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The Orbitofrontal Cortex$
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David Zald and Scott Rauch

Print publication date: 2006

Print ISBN-13: 9780198565741

Published to Oxford Scholarship Online: February 2010

DOI: 10.1093/acprof:oso/9780198565741.001.0001

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The orbitofrontal cortex in drug addiction

The orbitofrontal cortex in drug addiction

Chapter:
(p.481) Chapter 19 The orbitofrontal cortex in drug addiction
Source:
The Orbitofrontal Cortex
Author(s):

Rita Z. Goldstein

Nelly Alia-Klein

Lisa A. Cottone

Nora D. Volkow

Publisher:
Oxford University Press
DOI:10.1093/acprof:oso/9780198565741.003.0019

This chapter reviews the role of the orbitofrontal cortex (OFC) in the clinical characteristics of drug addiction and their putative neuropsychological mechanisms. The OFC's role in reward processing, saliency attribution, and motivation is hypothesized to allow drugs of abuse to assume such intense value that the drug-addicted individual experiences intense wanting (or craving) of this valuable commodity at the cost of a generalized relative indifference for all other stimuli. It is suggested that the OFC maintains a representation of the drug as valuable. With this impairment in salience attribution, loss of inhibitory control ensues, causing the bingeing component of addiction. When the drug is no longer available, the individual experiences withdrawal, and OFC abnormalities may feedback into relapse to drug use, especially when the drug itself, or merely a cue, triggers the well-maintained association between the drug and its salient value.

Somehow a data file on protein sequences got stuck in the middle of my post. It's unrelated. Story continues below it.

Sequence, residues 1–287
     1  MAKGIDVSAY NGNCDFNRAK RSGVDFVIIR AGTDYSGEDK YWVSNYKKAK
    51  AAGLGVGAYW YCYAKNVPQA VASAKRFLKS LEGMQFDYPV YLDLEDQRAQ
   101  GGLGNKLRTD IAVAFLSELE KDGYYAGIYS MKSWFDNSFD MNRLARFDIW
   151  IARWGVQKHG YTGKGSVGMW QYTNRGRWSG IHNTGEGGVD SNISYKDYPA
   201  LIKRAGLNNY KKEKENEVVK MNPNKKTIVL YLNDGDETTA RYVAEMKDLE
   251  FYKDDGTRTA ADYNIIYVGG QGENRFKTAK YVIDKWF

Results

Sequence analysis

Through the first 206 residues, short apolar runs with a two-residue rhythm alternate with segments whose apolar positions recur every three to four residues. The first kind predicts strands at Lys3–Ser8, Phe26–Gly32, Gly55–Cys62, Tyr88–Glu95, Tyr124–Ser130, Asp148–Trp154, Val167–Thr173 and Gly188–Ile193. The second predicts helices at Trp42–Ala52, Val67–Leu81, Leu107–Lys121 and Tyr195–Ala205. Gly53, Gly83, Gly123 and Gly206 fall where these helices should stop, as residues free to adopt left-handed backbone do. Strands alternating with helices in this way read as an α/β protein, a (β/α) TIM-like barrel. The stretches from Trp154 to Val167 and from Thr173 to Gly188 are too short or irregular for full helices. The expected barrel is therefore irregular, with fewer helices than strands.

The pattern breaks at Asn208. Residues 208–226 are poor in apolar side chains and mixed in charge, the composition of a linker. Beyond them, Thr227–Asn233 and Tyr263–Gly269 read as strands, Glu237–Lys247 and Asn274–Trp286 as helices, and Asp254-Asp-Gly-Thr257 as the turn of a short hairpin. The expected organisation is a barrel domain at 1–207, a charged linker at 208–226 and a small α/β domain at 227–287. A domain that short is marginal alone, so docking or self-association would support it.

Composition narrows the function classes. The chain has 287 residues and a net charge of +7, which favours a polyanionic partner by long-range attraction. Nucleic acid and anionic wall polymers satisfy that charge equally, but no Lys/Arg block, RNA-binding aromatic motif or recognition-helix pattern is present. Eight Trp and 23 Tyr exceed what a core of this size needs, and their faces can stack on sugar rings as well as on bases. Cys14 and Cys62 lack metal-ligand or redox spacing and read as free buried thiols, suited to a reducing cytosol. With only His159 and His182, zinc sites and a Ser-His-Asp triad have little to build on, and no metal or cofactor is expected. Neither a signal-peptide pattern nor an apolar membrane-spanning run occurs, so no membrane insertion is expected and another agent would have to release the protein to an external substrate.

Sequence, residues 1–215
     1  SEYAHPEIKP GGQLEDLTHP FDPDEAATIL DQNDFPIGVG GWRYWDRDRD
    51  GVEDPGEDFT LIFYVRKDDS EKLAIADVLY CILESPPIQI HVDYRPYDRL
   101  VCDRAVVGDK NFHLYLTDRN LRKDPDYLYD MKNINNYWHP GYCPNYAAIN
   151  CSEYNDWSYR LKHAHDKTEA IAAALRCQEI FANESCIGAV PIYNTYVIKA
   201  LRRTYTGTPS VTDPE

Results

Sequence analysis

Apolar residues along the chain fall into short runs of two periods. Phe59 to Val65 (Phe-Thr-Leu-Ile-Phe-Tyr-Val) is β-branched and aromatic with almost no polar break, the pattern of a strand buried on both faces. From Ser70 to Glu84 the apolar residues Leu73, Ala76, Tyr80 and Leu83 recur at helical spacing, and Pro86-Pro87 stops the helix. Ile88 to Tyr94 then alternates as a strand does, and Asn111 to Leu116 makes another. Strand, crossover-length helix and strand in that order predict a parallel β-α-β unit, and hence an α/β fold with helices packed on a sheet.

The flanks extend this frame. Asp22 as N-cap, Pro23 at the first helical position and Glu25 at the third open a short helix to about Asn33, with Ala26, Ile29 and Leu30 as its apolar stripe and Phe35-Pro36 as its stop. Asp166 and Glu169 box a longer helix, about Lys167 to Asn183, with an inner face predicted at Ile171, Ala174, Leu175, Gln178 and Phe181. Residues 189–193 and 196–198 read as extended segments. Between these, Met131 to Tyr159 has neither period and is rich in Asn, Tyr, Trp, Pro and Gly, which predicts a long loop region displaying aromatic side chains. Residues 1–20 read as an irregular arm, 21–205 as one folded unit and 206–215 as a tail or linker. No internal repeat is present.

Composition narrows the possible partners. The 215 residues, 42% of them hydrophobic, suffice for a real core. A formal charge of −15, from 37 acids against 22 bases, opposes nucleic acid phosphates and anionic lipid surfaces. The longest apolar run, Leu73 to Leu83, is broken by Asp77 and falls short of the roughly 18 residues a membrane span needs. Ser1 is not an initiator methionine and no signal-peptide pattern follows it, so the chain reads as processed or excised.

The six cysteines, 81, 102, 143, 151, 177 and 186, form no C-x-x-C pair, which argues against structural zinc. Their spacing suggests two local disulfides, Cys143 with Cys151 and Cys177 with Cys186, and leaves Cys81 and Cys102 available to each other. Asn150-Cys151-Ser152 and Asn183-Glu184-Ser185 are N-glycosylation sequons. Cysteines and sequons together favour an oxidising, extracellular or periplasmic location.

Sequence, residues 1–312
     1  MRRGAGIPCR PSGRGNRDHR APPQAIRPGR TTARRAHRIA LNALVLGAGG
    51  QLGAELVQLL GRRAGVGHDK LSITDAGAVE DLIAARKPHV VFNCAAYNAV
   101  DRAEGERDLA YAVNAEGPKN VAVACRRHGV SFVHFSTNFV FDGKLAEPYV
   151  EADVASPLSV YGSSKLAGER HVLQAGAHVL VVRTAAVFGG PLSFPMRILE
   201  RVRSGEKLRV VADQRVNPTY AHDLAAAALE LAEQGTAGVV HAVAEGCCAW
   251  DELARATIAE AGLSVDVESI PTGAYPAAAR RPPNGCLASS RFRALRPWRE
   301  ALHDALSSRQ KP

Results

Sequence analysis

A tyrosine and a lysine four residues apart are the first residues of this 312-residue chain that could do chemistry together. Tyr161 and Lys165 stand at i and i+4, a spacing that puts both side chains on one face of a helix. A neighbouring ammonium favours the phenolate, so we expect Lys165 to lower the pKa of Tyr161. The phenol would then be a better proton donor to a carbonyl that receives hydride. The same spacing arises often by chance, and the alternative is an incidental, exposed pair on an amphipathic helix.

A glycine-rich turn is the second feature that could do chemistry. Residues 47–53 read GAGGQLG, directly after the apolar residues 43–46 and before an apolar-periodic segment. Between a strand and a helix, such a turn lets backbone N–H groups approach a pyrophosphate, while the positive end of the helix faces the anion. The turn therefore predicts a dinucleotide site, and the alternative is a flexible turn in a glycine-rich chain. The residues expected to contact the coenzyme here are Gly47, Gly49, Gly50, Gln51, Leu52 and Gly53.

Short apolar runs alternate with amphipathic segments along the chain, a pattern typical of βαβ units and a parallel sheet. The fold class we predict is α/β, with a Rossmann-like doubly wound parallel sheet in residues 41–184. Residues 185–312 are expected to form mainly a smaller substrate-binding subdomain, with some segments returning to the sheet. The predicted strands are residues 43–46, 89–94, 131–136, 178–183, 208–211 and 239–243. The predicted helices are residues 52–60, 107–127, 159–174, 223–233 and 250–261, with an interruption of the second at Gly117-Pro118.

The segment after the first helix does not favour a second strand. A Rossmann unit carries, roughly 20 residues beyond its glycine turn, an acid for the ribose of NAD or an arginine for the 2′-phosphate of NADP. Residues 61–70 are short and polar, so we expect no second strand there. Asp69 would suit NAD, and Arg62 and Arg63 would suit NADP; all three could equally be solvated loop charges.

Keywords:   drug, substance abuse, dependence, craving, salience, inhibition, motivation, dopamine

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